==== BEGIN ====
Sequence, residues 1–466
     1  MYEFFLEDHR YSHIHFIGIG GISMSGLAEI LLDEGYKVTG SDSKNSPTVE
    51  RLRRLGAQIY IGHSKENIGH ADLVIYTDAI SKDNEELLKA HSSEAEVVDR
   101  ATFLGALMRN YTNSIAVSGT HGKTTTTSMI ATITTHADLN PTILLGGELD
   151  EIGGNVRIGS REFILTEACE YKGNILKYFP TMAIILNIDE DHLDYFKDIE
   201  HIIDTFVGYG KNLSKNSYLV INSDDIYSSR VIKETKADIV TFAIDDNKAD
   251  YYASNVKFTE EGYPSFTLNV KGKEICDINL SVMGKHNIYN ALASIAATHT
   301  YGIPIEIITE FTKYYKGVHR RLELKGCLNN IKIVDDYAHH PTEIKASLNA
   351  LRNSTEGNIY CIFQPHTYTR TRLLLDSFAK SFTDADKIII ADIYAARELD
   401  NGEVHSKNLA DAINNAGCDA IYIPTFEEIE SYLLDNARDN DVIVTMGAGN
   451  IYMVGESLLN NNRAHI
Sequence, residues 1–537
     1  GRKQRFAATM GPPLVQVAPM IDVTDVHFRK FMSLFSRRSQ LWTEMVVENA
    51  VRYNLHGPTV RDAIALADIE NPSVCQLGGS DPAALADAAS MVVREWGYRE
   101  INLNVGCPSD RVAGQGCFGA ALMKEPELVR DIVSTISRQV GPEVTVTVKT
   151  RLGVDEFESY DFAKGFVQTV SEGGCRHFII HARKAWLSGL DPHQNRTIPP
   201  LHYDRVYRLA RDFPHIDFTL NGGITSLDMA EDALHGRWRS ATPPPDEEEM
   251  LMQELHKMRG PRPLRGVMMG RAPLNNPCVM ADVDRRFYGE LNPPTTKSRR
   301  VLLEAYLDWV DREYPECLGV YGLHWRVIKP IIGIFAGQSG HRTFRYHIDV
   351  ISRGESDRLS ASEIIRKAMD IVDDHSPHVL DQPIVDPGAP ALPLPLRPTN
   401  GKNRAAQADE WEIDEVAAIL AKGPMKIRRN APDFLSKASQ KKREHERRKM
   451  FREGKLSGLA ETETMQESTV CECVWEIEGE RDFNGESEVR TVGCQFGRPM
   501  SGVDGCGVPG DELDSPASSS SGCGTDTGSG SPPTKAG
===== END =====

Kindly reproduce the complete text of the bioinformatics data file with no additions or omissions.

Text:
Sequence, residues 1–466
     1  MYEFFLEDHR YSHIHFIGIG GISMSGLAEI LLDEGYKVTG SDSKNSPTVE
    51  RLRRLGAQIY IGHSKENIGH ADLVIYTDAI SKDNEELLKA HSSEAEVVDR
   101  ATFLGALMRN YTNSIAVSGT HGKTTTTSMI ATITTHADLN PTILLGGELD
   151  EIGGNVRIGS REFILTEACE YKGNILKYFP TMAIILNIDE DHLDYFKDIE
   201  HIIDTFVGYG KNLSKNSYLV INSDDIYSSR VIKETKADIV TFAIDDNKAD
   251  YYASNVKFTE EGYPSFTLNV KGKEICDINL SVMGKHNIYN ALASIAATHT
   301  YGIPIEIITE FTKYYKGVHR RLELKGCLNN IKIVDDYAHH PTEIKASLNA
   351  LRNSTEGNIY CIFQPHTYTR TRLLLDSFAK SFTDADKIII ADIYAARELD
   401  NGEVHSKNLA DAINNAGCDA IYIPTFEEIE SYLLDNARDN DVIVTMGAGN
   451  IYMVGESLLN NNRAHI
Sequence, residues 1–537
     1  GRKQRFAATM GPPLVQVAPM IDVTDVHFRK FMSLFSRRSQ LWTEMVVENA
    51  VRYNLHGPTV RDAIALADIE NPSVCQLGGS DPAALADAAS MVVREWGYRE
   101  INLNVGCPSD RVAGQGCFGA ALMKEPELVR DIVSTISRQV GPEVTVTVKT
   151  RLGVDEFESY DFAKGFVQTV SEGGCRHFII HARKAWLSGL DPHQNRTIPP
   201  LHYDRVYRLA RDFPHIDFTL NGGITSLDMA EDALHGRWRS ATPPPDEEEM
   251  LMQELHKMRG PRPLRGVMMG RAPLNNPCVM ADVDRRFYGE LNPPTTKSRR
   301  VLLEAYLDWV DREYPECLGV YGLHWRVIKP IIGIFAGQSG HRTFRYHIDV
   351  ISRGESDRLS ASEIIRKAMD IVDDHSPHVL DQPIVDPGAP ALPLPLRPTN
   401  GKNRAAQADE WEIDEVAAIL AKGPMKIRRN APDFLSKASQ KKREHERRKM
   451  FREGKLSGLA ETETMQESTV CECVWEIEGE RDFNGESEVR TVGCQFGRPM
   501  SGVDGCGVPG DELDSPASSS SGCGTDTGSG SPPTKAG